At an extraordinarily candid news conference, President Jimmy Carter revealed Thursday that the liver cancer for which he was treated earlier this month has spread to his brain.
And, he immediately began treatment with a drug that’s new to the market. Carter is receiving pembrolizumab, better known by its brand name, Keytruda, according to the Washington Post.
It is part of a class of drugs that are aimed at the immune system, helping it to gang up on the cancer cells.
The theory is that by boosting the immune system, the body will ward off the growth of more cancer cells, while the radiation that Carter is also receiving will attack his existing melanoma.
The Food and Drug Administration approved Keytruda only last year.
It is made the pharmaceutical giant Merck. According to the Post, the drug is designed to block a cellular pathway known as PD-1, which hinders the immune system’s ability to attack melanoma cells.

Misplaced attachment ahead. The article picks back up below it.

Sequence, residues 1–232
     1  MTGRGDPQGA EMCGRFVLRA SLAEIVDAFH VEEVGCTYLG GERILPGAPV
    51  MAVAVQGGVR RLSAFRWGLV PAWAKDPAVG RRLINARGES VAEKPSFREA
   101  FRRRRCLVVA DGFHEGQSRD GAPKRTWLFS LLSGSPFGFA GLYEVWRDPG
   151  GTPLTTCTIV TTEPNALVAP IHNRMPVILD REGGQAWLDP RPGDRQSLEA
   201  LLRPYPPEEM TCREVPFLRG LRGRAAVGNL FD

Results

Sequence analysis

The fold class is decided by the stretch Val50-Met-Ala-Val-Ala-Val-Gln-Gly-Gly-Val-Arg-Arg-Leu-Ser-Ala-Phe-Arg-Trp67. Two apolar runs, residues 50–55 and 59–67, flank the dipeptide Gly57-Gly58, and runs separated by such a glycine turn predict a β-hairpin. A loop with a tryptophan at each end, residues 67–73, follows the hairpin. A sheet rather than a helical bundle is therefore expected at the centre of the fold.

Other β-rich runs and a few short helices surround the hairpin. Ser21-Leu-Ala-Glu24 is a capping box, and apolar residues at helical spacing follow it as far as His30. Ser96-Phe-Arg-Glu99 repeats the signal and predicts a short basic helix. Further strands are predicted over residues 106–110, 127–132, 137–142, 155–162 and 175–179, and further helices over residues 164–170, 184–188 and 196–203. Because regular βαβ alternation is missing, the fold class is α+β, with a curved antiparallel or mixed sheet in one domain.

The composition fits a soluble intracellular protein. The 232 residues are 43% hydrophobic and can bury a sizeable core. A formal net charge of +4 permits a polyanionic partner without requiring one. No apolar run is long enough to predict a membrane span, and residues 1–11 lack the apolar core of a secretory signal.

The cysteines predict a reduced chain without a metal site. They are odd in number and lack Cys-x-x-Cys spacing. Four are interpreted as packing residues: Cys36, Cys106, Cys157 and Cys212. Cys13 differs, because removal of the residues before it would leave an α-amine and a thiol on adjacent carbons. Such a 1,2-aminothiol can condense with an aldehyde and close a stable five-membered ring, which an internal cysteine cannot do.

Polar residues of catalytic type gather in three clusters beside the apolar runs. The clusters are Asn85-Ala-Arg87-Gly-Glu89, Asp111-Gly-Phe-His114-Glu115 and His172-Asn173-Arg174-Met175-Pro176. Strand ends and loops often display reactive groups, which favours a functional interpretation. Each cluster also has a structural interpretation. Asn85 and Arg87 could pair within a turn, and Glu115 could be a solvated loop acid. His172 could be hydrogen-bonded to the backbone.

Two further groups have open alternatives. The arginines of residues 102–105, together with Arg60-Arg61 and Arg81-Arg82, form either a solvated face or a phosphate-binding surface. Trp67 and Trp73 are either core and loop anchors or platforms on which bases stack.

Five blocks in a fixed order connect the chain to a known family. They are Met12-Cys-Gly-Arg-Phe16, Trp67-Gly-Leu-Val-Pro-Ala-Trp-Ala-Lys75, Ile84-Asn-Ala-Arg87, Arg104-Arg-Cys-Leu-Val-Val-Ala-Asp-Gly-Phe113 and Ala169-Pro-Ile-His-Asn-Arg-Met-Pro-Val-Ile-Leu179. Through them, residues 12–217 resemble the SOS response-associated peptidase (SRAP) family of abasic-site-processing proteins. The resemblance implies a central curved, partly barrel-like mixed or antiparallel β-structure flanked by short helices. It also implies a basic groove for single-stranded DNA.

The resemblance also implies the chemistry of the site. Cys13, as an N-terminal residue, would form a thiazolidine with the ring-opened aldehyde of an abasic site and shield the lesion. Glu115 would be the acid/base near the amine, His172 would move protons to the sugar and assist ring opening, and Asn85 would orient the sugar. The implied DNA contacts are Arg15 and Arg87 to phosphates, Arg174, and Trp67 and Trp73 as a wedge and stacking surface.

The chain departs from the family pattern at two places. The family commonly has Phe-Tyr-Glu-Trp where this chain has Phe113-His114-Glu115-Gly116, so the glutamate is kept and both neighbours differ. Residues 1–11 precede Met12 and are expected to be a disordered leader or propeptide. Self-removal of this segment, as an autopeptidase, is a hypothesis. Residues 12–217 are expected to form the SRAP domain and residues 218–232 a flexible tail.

According to the Post story,
“We’re just taking away the brakes on the immune system,” said Antoni Ribas, a researcher at the University of California at Los Angeles and the lead investigator of a crucial study of Keytruda, who added that the drug tends to have far fewer side effects than traditional chemotherapy.
In just a short period, these immuno-boosters have become a fourth level of cancer treatment, along with radiation, chemotherapy and surgery.
They are expensive. Keytruda costs about $150,000 per year, the Post says. But, researchers are hopeful that if treatments go well, Keytruda could be used to fight bladder cancer, breast cancer, Hodgkin’s lymphoma, head and neck tumors and other types of the disease.
For story ideas, see if local cancer centers are using Keytruda. Talk to doctors and cancer patients. Who is most likely to be prescribed the treatment? How do people afford it? Are insurance companies willing to cover it?
You can see President Carter’s news conference here.